We followed up by asking how these two actors were cast in the movie, it’s always interesting to learn about the casting process and see how each person was picked for the film.
Andy S: Well so Ulysses Klaw comes into the world, the Marvel world in Age of Ultron, in The Avengers: Age of Ultron. And at that point he’s working off a ship in India where he’s an arms dealer basically, he’s an arms dealer gangster. And at that point he’s amassing a huge quantity of vibranium and then Ultron tracks him down and he loses some of it. So it was teased in.
And in fact- the way that I came on board actually was when I first started working with Joss Whedon who’s directing Avengers Age of Ultron, it was using performance capture, it was actually I was helping Mark Ruffalo with the Hulk. Because they came to our studio in London called the Imaginarium and we were working with him and then James Spader to create the character Ultron because it was using the technology that I’m very familiar with. And then Josh said oh man there’s this great character which I’d really love you to play, it’s only a small scene.
But I think if the Black Panther movie comes on, he’s very much an adversary for T’Challa in the Black Panther and I said oh wow that’s great. And it was just this very quirky like you say kind of idiosyncratic slightly left field gangster character. So that’s how the character got introduced. And then when Ryan took it on in this, he just wanted to have even more fun with it. So that was my way into it.
Winston D: As an unnamed actor I went through the standard audition process. So I was the audience. So I’m only hearing about Black Panther and seeing the cast come together and they’re like oh my God, Chadwick Boseman I’m like Chadwick Boseman and then it’s Michael B. Jordan, I’m like Michael B. Jordan is in it too? And then they announced Lupita Nyong’o. And then they’re like Danai has joined the cast.
I’m like Danai has joined the cast and it just kept going and going and I told my representatives, I said I’d just love to get in that room. I love Ryan Coogler’s work, I think it has a really strong sense of social justice, every single thing that he does. And I want my career to have a strong social justice footprint, even if it is commercial. I want it to be connected in some ways so I kind of expressed that mission for myself and my career.
And then lo and behold I got in the room with him, he had me do it like twenty different ways and he’s like cool cool cool, can you make it a little bit more personal, personal, can you make it more personal. I didn’t hear back for maybe four weeks. So I was like that was fun, I got to work with him, I actually got to work with him. Because this took like forty five minutes, to go through the whole process. So I was content and then I got another call and they said they really like you and they’re asking more questions. And they want to test you. I go and I do the test and it just felt very organic, I got home, I said a prayer, I heard a voice say everything is going to be cool. You’re all good, don’t worry about it. And the rest is history.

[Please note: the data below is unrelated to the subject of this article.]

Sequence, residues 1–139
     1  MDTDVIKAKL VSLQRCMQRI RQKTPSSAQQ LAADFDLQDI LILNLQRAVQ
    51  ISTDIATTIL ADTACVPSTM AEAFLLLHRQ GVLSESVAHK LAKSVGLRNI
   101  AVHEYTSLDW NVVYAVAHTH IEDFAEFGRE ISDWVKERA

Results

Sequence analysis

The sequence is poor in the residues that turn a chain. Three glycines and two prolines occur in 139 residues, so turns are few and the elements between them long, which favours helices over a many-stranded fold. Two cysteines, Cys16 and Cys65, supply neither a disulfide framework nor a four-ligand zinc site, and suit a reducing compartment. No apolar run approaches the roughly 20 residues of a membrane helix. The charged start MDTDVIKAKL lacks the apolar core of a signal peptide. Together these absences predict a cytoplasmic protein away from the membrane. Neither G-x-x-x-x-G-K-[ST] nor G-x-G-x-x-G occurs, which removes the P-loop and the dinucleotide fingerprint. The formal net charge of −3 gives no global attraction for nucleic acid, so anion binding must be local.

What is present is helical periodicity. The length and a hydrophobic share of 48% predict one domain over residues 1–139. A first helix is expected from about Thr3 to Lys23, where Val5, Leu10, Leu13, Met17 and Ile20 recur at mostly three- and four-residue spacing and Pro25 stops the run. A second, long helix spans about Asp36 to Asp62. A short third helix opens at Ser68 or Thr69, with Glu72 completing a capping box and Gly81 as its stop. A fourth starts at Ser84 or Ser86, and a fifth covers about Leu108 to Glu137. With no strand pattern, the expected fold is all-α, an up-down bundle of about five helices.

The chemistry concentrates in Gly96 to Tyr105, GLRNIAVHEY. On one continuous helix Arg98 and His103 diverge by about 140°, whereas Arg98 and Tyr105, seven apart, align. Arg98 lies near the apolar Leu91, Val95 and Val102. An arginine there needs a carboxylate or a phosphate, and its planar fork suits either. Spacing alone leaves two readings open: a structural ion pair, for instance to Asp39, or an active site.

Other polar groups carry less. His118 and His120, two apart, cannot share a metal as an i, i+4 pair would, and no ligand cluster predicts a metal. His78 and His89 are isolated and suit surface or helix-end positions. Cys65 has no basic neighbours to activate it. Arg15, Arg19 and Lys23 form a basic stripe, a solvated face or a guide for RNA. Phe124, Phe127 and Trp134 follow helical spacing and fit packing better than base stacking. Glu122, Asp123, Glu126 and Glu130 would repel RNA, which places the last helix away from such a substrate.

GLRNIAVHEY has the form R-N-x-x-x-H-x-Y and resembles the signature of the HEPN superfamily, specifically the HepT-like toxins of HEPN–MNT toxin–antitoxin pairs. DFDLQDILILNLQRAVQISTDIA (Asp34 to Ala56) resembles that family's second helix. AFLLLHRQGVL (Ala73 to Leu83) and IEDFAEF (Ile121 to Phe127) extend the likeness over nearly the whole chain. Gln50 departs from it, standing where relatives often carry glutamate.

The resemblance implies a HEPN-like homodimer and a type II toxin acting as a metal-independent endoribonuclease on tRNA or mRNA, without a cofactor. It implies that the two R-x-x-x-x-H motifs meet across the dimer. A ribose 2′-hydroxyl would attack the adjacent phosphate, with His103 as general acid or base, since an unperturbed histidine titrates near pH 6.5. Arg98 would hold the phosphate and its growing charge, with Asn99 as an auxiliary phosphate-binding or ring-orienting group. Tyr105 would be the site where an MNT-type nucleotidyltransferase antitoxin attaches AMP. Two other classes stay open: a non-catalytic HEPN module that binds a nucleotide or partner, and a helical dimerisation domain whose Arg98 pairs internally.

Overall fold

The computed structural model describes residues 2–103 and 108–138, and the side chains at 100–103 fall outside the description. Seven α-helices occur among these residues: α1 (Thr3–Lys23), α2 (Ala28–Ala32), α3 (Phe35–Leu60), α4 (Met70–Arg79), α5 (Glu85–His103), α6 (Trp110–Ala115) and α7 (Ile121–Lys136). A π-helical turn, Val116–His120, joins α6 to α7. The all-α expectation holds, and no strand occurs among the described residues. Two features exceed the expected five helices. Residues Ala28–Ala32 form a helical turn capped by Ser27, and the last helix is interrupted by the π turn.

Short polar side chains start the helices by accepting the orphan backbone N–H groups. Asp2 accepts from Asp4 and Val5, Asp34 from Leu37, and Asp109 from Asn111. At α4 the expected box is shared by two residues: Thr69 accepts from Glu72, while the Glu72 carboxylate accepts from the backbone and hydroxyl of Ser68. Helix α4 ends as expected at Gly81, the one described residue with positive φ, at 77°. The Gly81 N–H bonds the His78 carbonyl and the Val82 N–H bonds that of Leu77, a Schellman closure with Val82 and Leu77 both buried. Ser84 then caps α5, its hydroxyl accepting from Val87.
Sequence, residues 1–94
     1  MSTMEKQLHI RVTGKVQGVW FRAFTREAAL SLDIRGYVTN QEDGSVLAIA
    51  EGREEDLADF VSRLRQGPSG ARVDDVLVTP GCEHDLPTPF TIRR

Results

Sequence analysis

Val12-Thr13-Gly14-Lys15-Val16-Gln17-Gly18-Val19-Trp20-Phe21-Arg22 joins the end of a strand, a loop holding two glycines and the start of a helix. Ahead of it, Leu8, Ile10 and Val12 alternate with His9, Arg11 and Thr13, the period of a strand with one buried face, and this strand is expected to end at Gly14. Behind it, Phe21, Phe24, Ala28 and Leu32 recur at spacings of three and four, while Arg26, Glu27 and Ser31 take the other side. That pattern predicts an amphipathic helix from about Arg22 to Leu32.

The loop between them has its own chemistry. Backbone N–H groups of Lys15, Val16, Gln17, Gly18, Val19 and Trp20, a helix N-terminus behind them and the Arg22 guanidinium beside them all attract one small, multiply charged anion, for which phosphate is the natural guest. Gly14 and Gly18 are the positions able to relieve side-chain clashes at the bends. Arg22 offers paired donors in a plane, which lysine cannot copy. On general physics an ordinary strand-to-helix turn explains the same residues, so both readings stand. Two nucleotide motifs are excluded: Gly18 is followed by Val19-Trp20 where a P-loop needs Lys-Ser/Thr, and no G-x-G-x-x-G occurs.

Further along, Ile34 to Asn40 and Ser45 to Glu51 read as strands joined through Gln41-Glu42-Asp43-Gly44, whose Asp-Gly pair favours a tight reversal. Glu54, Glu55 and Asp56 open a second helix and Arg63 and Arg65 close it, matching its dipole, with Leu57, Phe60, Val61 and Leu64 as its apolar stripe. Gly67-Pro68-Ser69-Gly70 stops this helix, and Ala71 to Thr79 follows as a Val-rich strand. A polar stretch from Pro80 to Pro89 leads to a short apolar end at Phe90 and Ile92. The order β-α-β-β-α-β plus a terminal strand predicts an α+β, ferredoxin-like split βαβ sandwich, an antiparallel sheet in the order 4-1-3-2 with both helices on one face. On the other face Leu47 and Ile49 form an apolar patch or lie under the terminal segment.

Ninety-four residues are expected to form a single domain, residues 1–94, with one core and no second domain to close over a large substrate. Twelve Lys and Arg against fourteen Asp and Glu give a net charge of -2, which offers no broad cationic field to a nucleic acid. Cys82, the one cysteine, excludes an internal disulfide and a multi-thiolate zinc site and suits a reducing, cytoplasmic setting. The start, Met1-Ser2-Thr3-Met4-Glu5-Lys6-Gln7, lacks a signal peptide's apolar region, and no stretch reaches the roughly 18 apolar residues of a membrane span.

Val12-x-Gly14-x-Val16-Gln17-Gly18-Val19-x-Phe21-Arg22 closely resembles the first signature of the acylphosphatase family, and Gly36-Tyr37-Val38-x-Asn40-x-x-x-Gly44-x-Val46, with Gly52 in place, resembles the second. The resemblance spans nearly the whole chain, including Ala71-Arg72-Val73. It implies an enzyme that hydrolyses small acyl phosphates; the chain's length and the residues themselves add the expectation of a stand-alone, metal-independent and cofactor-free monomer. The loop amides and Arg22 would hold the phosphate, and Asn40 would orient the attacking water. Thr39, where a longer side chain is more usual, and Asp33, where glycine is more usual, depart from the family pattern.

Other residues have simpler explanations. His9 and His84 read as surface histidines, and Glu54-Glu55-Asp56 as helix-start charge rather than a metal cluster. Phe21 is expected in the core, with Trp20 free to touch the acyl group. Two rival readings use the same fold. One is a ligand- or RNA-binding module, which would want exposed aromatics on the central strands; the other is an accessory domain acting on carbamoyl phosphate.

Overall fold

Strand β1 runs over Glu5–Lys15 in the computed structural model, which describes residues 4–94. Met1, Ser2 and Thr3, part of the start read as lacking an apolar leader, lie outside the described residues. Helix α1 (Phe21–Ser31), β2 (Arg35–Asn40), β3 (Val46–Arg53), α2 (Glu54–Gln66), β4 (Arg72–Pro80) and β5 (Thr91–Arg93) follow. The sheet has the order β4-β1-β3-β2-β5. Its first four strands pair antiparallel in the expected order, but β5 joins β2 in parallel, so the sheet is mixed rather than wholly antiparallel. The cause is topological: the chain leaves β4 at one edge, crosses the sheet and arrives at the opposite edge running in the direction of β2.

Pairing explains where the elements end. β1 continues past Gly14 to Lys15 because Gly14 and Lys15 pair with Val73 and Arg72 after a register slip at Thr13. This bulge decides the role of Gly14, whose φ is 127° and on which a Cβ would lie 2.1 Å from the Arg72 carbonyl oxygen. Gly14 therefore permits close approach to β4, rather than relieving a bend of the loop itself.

My excitement for Winston being in this film goes beyond just liking him as an actor. When I learned that he was from Tobago the sister island to Trinidad, where I was born and raised. I immediately felt even more connected and more excited to see him excel in this role. So when it was time for the final question. I had to make sure I had the opportunity to ask him something. In the end, I asked what was it like for him seeing all the fan engagement not only from people in the United States but from people of color all around the world, in countries like Trinidad & Tobago, and other smaller places that we don’t often see represented on the world’s stage.
Winston Duke: Well for me a major thing especially after watching the film last night is an excitement, it’s an excitement to know that people and not adults but children are going to be exposed to narratives like this. Before they’re fully developed and before they’ve ingested and consumed placed narratives, narratives that were formed before they were born about them, and they’re getting to see representations of people who look exactly like them.
Before they’re fully formed, which is going to help them see their world differently. It’s going to change their paradigm from a really young age and they’re going to be consuming this in a way that they’re not seeing, I hope a four year old isn’t watching this, even though they might be watching this with an awareness of race. But they might be and that‘s just the world we live in. But for them to- if they do have an awareness, a fully developed or an idea of race.
And they’re watching this and going man I could be like that and man T’Challa looks like my uncle, man T’Challa looks my cousin, Michael B. Jordan looks my dad, Winston looks my dad Winston looks like my cousin, Winston looks like me and they’re getting to see that. And children in Tobago are getting to see that, people in Trinidad, people in Brazil, people in Latin America, people all over the diaspora are going to get to see this and develop agency.
That’s exciting. And I was just watching and being like, this is wonderful, it’s a great time to be in a super hero movie. And the movie itself is a super hero, it took on its own life.
Marvel Studios’ BLACK PANTHER follows T’Challa who, after the death of his father, the King of Wakanda, returns home to the isolated, technologically advanced African nation to succeed to the throne and take his rightful place as king. But when a powerful old enemy reappears, T’Challa’s mettle as king—and Black Panther—is tested when he is drawn into a formidable conflict that puts the fate of Wakanda and the entire world at risk. Faced with treachery and danger, the young king must rally his allies and release the full power of Black Panther to defeat his foes and secure the safety of his people and their way of life.
Black Panther opens in theaters on February 16th, 2018. Be sure to grab your tickets opening weekend, you’re not going to want to be the only person at work on Monday who hasn’t seen the film.